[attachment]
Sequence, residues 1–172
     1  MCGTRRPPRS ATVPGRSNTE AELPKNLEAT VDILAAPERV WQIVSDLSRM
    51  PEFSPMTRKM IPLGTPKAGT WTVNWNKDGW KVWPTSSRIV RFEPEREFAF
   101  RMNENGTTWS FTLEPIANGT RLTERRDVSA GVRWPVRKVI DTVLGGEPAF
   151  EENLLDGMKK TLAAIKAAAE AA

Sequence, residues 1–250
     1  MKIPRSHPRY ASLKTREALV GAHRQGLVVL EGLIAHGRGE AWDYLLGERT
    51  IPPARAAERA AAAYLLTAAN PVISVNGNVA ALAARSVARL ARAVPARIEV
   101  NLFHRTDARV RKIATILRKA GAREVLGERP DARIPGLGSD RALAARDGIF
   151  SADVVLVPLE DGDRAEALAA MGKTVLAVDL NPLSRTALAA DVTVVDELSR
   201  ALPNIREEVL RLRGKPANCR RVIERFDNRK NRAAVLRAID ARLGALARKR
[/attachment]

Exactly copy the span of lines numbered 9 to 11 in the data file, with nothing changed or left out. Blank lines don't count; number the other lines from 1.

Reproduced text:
   101  NLFHRTDARV RKIATILRKA GAREVLGERP DARIPGLGSD RALAARDGIF
   151  SADVVLVPLE DGDRAEALAA MGKTVLAVDL NPLSRTALAA DVTVVDELSR
   201  ALPNIREEVL RLRGKPANCR RVIERFDNRK NRAAVLRAID ARLGALARKR